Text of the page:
Doughnut shop hit with a molotov cocktail after drag-queen art show

Around 2:30 a.m., Sarah Swain and Brian Hunter were jolted awake by a phone call from the fire department. The doughnut shop the couple owns in Tulsa had been targeted — again — just two weeks after they’d hosted an art exhibit featuring drag queens.

Early that morning, a person in a dark hoodie, red cap and gloves was captured by a security camera quickly walking toward the Donut Hole with a baseball bat and a note in one hand and a bottle in the other. The assailant, who still hasn’t been apprehended by police, posted the note on the neighboring business’s door and then stood before the Barbie-pink facade of the doughnut shop. They took three thundering swings at the glass door until it shattered, then lit the bottle on fire and threw it inside.

The damage from the molotov cocktail was minimal, the owners told The Washington Post. By Wednesday, the Donut Hole was back open, and its employees were ready to serve up hot cups of joe and the fresh doughnuts Swain decorates every day. But Swain said there’s an unnerving sense of shock that someone would take to violence over “something so small as having a ceramic doughnut exhibit with drag queen servers.”

“We just want to make doughnuts,” Hunter said. “We’re just a small business. Like we’re just trying to make doughnuts and have fun. We don’t understand.”

Drag exploded in popularity. Then came the protests and attacks.

The Oct. 15 event had been filled “with overwhelming support, love and laughs,” Hunter said. That night, the doughnut shop transformed into “The Queens Dirty Dozens,” a concept envisioned by artist Daniel Gulick. A cartoon silhouette of Queen Elizabeth II decorated the shop. Instead of performing, drag queens dressed in their best 1950s housewife outfits served colorful ceramic doughnut sculptures. People lined up, down the block, hoping to enjoy the pop-up.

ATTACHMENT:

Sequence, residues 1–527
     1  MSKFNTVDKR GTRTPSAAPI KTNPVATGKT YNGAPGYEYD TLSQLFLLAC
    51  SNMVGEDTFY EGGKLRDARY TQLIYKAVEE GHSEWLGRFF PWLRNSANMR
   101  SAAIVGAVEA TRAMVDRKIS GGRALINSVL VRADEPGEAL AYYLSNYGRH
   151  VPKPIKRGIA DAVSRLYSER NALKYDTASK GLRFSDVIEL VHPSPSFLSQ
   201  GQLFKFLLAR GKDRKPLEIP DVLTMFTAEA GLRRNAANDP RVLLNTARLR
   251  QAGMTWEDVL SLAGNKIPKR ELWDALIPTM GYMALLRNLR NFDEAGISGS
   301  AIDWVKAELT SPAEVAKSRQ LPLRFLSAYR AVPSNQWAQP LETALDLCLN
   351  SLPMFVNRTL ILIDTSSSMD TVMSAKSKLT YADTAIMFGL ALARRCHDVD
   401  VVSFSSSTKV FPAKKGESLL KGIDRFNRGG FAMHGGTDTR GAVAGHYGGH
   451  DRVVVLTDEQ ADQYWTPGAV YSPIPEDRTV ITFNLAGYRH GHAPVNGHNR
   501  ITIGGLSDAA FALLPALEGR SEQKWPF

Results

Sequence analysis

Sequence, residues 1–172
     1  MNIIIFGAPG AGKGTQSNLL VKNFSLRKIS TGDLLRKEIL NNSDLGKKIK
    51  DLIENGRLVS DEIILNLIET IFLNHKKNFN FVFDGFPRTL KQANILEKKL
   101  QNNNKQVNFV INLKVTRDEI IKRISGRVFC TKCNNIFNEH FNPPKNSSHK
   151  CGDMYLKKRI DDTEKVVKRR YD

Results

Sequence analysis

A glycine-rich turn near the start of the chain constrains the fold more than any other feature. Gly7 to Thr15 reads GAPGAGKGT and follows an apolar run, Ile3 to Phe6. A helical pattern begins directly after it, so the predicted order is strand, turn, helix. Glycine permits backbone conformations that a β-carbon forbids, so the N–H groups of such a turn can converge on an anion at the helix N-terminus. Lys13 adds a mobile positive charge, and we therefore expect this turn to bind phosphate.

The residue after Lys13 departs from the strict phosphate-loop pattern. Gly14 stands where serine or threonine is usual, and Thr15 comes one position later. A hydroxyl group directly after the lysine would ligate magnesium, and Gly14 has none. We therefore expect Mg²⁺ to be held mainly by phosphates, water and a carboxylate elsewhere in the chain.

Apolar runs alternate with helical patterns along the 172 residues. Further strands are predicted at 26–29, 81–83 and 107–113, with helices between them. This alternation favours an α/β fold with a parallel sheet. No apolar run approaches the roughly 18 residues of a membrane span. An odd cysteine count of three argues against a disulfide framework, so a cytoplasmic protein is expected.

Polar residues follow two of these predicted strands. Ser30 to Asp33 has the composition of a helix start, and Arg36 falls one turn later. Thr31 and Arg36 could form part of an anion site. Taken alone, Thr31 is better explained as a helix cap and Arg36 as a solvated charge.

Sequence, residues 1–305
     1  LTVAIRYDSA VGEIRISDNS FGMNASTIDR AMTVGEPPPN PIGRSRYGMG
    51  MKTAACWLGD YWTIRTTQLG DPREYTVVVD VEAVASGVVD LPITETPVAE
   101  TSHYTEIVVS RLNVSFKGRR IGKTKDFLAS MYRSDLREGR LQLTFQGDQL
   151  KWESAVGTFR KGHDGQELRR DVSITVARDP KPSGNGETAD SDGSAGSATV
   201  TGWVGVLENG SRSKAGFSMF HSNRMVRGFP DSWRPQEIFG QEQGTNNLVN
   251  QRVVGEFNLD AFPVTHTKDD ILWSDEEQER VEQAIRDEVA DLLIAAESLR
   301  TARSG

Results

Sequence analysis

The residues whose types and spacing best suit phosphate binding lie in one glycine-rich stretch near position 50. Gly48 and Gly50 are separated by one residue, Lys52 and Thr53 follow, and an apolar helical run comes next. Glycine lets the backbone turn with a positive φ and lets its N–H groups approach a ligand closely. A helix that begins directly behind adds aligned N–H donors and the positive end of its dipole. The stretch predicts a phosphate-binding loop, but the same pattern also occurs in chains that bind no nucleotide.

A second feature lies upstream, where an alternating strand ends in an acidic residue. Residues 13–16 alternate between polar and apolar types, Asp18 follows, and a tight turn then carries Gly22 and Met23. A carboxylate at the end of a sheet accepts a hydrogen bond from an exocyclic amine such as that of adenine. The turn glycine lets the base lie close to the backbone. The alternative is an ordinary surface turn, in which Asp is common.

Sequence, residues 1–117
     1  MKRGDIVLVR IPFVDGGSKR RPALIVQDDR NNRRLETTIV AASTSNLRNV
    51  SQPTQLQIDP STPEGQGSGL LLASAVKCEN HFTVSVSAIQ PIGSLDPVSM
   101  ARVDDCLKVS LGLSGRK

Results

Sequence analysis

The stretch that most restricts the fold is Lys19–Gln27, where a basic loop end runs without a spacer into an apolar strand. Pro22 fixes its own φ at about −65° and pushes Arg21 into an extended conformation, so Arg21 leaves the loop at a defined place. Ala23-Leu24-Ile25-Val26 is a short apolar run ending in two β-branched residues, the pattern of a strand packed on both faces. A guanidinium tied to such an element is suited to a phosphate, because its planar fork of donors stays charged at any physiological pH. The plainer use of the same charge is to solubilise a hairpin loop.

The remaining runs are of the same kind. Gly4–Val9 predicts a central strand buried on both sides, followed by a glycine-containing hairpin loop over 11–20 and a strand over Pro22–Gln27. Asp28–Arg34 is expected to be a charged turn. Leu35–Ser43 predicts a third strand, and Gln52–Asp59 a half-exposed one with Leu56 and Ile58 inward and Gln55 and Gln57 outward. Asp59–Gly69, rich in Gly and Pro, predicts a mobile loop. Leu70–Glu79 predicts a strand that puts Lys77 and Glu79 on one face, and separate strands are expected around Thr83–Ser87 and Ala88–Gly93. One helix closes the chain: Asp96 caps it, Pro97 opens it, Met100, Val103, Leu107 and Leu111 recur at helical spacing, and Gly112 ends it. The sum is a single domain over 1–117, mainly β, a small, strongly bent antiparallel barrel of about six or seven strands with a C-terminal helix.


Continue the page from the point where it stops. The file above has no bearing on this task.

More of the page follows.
But the morning after the event, Swain and Hunter returned to the shop to find pieces of shattered glass where the front door had once been. Someone had smashed it overnight, Hunter said — though the motive behind the vandalism isn’t clear.

“We couldn’t work for a couple of days because the weather affects the inside temperature and impacts the doughnut-making,” Hunter said. “Thankfully we had so much support from the community to get everything back together and get back operational.”

Locals helped pick up the mess, and children used chalk to draw rainbows and hope-filled messages outside the Donut Hole. Donors quickly surpassed the goal set on GoFundMe to replace the glass, and the leftover $3,500 was donated by Swain and Hunter to Tulsa’s Dennis R. Neill Equality Center, which supports the LGBTQ community. The shop reopened Oct. 19, serving Halloween-themed baked goods and pumpkin doughnuts with cream cheese icing — Swain’s favorite.

But just when everything seemed to be turning a corner, the Donut Hole was targeted a second time — just three days before Swain and Hunter were planning to give out free doughnuts as a thank-you to their community. The molotov cocktail thrown inside didn’t completely break, but it left behind traces of smoke and ash. Investigators still don’t know who was behind the attack, but the person left “an envelope with anti-LGBTQ messages and scripture,” Swain said.

Arizona GOP candidate who criticized drag was once a fan, drag queen says

The incidents at the doughnut shop in Tulsa’s Brookside neighborhood mirror the string of protests and attacks that have followed drag and LGBTQ events across the nation this year. From California to New York, far-right groups and individuals have increasingly targeted events such as Drag Story Hour, often justifying their actions by casting the normalization of discussions about sexual orientation and gender identity as the “grooming” of children, The Post previously reported.

“It’s super heartbreaking because this is like a new thing for us that we’re experiencing,” Swain said. “But for the [drag] queens, this is just their life and nothing really new to them. And it’s so sad because they’re feeling some guilt after what happened to us, and it’s in no way their fault.”

Yet, despite the shock and fear, Swain said she’s ready to get back to making doughnuts at the shop she and Hunter bought in May — the place where she’s able “to create, be artistic and bring joy every day.”

Strangers and customers have once again helped that become a reality. When the Donut Hole reactivated its original GoFundMe after Monday’s attack, hundreds of donations began to pour in, reaching over $20,000 — well over its $2,500 goal.

It also helps that the same local business that replaced the shop’s glass door after the first attack was able to make another copy after this week’s incident.

“Luckily they still had our measurements,” Swain said.

Add a Comment